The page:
duty standard to majority shareholders, and stated that “[i]n the close corporation, the minority may do equal damage through unscrupulous and improper `sharp dealings’ with an unsuspecting majority.” Id. at n. 17 (citing Helms v. Duckworth, 249 F.2d 482 (D.C. Cir. 1957)).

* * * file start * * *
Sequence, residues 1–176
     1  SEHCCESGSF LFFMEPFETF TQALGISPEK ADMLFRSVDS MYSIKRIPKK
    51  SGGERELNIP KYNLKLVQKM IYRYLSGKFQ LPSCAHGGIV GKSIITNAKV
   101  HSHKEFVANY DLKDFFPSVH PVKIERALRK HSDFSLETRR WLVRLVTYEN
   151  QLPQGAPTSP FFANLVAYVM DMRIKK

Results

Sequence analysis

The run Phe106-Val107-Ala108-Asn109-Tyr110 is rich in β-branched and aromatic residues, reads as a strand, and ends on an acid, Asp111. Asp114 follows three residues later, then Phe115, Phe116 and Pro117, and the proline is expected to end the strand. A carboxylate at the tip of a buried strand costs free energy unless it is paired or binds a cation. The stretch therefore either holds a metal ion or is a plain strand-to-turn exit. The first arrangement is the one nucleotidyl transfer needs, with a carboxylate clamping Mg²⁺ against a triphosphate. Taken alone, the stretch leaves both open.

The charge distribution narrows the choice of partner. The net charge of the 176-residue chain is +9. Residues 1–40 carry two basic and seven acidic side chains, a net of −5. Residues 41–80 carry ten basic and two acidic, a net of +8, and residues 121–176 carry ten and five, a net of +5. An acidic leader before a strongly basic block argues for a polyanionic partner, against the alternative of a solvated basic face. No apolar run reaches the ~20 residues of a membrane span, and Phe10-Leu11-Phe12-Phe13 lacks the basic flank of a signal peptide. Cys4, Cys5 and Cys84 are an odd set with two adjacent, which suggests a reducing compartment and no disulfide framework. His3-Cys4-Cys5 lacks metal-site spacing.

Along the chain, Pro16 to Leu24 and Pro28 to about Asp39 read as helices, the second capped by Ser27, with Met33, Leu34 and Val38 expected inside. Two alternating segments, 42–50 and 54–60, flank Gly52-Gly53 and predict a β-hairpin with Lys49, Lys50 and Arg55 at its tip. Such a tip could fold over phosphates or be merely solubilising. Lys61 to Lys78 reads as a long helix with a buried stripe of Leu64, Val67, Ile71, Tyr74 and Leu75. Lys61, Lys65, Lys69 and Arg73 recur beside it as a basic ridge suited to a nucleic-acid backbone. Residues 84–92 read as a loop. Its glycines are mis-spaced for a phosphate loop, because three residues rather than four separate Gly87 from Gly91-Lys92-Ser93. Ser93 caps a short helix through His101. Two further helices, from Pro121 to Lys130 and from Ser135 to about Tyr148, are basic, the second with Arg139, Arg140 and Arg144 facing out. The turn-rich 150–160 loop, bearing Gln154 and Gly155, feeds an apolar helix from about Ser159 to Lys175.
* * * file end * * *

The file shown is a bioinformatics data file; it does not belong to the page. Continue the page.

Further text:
The first Massachusetts case to apply the Donahue standard to a minority shareholder was Smith v. Atlantic Properties, Inc., 422 N.E.2d 798 (Mass.App.Ct. 1981). In Smith, a provision in the corporate charter effectively gave minority shareholders the power to veto any distribution of dividends. Although all the other shareholders desired a distribution of dividends, the defendant steadfastly refused to agree to a distribution because non-distribution was personally beneficial to him. The appeals court held that the majority could seek protection from the actions of the minority shareholder which were detrimental to the interests of the corporation and the other shareholders. Id. at 801. Although the court recognized that the veto provision was drafted in part to protect minority interests, it nevertheless determined that a minority shareholder was bound to the Donahue standard of fiduciary responsibility when that shareholder’s actions controlled the disposition of a particular corporate issue. Id. at 803 n. 9 (“`A minority shareholder whose conduct is controlling on a particular issue should be bound by no different standard [than the majority].'”) (quoting Hetherington, The Minority’s Duty of Loyalty in Close Corporations, 1972 Duke L.J. 921, 946).